the patients under state care were on drug cocktails consisting of
antipsychotics, antidepressants, and anticonvulsants. The populations
he found drugged most often, he said, were children in state care, the
disabled, people in state prisons, and children in the juvenile justice
For instance, he says, Neurontin was only approved for controlling
seizures, but "was being prescribed for anxiety, social phobia, PTSD,
oppositional defiant behavior, and attention deficit disorder with no
evidence to support these uses."
When he informed his superiors about the high rate of off-label
prescribing and warned about the risk of liability to the state of
Pennsylvania if it continued, he was told, "it is none of your
In June 2003, Dr Kruszewski inspected a facility in Oklahoma that
housed children from Pennsylvania after an unexpected death of a child,
and found children were being overmedicated and housed in deplorable
living conditions, in addition to being sexually and physically abused
by staff and kept in unnecessary restraints and seclusion.
In a report, Dr Kruszewski recommended removing the children from the
facility, "in order to protect other innocent individuals from morbid
and mortal consequences of severe over-medication, including chemical
restraints; emotional, physical and sexual abuse; seclusion; and dirty
and inadequate living conditions."
A day later, Dr Kruszewski was accused of "trying to dig up dirt," and
was subsequently fired in July 2004, because he refused to keep quiet
and accept that it was none of his business, he says.
A year later, Dr Kruszewski filed a whistleblower lawsuit alleging that
patients under state care were being drugged for profit and prescribed
as many as 5 psychiatric drugs at the same time, and that four children
and one adult had died.
In his action, Dr Kruszewski alleged that his superiors violated his
right to free speech by firing him because he made statements about the
abuses in the state system, which were a matter of public concern.
Dr Kruszewski is represented by attorneys from Government
Accountability Project, Thad Guyer, Stephania Ayers, Tom Devine, and
Mark Cohen, in Federal Court in the Middle District of Pennsylvania
with Chief Judge Yvette Kane presiding.
Defendant, Christopher Gorton, is the Chief Medical Officer for DPW,
who fired Dr Kruszewski. He filed a motion for summary judgment to
dismiss the First Amendment claim on the basis that the law does not
protect whistleblowers if they are fired for making comments they would
be expected to make in the context of their employment.
In reading the Court's March 2, 2007, Decision denying Mr Gorton's
motion, it appears that Mr Gorton tried to have it both ways. When Dr
Kruszewski was employed and tried to report the harm to people under
state care, he was told it was none of his business and to quit digging
up dirt. Under oath in a deposition, Dr Kruszewski stated that he was
told that the subjects of his statements were not part of his job
However, in his motion, Mr Gorton now claims that Dr Kruszewski's
comments were made pursuant to his official employment duties. In her
written opinion, Judge Kane, quoted relevant case law to describe
comments that are protected:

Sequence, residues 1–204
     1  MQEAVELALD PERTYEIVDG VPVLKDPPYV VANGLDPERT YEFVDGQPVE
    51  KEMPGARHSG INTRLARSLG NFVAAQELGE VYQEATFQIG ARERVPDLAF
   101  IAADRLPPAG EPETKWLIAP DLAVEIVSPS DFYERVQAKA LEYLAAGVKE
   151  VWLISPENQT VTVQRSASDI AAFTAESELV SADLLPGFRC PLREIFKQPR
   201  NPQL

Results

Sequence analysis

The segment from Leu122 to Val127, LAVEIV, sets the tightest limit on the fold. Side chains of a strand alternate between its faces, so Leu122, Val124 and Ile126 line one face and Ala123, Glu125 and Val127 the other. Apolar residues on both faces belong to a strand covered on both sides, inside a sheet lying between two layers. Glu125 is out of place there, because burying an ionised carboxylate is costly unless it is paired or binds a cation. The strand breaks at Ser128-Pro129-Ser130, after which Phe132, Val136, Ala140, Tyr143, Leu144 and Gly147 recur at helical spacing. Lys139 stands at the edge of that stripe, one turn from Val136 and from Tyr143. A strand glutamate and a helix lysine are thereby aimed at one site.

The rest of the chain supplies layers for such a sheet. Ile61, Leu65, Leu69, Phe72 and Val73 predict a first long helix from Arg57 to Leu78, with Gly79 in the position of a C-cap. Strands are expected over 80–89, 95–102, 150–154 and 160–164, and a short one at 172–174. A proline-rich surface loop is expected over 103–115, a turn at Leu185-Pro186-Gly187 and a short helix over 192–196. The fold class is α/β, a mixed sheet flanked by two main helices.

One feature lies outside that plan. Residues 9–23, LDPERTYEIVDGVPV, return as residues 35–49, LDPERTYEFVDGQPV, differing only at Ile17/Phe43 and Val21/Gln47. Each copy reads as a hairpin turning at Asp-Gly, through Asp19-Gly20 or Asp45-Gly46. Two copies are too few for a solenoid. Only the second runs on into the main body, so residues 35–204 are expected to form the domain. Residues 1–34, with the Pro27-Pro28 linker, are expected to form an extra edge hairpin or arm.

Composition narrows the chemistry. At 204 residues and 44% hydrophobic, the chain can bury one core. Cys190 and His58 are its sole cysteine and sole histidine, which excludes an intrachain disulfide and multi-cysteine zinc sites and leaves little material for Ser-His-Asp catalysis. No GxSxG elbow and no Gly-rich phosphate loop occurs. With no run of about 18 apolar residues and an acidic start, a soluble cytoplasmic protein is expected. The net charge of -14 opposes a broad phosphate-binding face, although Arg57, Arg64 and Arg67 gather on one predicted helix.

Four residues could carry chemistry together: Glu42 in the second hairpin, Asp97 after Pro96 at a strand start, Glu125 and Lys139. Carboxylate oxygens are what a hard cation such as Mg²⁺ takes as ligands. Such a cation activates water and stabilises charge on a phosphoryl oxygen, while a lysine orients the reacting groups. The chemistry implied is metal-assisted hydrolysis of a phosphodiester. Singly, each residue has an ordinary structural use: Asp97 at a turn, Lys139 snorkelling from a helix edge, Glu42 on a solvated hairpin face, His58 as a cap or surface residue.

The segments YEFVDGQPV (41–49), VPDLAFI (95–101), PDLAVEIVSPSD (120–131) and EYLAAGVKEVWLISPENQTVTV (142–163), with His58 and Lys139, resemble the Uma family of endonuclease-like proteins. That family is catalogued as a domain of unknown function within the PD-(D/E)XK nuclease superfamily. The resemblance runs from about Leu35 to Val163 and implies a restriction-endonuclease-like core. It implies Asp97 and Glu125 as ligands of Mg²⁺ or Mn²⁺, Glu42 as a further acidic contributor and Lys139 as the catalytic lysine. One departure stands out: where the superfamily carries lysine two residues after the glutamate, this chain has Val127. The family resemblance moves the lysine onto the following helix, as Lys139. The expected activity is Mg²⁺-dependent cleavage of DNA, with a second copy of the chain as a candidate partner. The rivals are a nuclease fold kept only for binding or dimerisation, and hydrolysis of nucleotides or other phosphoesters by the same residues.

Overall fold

"A public employee's statement is protected activity when (1) in making
it, the employee spoke as a citizen, (2) the statement involved a
matter of public concern, and (3) the government employer did not have
an adequate justification for treating the employee different from any
other member of the general public as a result of the statement he
"The statements in question can be categorized," Judge Kane wrote, "as:
(1) reports regarding poor quality of care, including abuse of patients
by staff at treatment facilities; (2) complaints about the lack of
qualifications of another private contract doctor; and (3) statements
about use and costs of medications."
In order to grant a motion for summary judgment, a judge has to find
that there are no genuine disputes of material fact that would require
a jury to resolve. In this case, Judge Kane found there were disputes
regarding Dr Kruszewski's job duties and whether his statements were
substantial and motivating factors in his termination.
In his motion, Mr Gorton claims the statements were not protected
speech, but then says, even if they were, they were not a factor in his
decision to terminate Dr Kruszewski, because he was unaware of the
statements when he decided to fire Dr Kruszewski.
However, Judge Kane found evidence in the record that, "if credited by
a fact-finder," she wrote, "would support Plaintiff's claim that Gorton
knew of at least some of Plaintiff's protected statements."
"Because there remain genuine disputes of material fact," she states,
"regarding Plaintiff's job duties and whether Plaintiff's statements
were substantial and motivating factors in his termination, the Court
cannot grant summary judgment for Defendant Gorton."
According to Dr Kruszewski, apart from all the legal wrangling, his
focus remains on trying to protect Pennsylvania citizens against
unwarranted drugging, sexual and physical abuse, and unnecessary
restraint and seclusion.
His original lawsuit alleges that drug companies used "political
friendships, money, and other emoluments" to achieve "a level of
influence with Pennsylvania's state government" to promote "the use of
These charges echo those previously made by the other Pennsylvania
whistleblower, Allen Jones, who was also a fraud investigator in the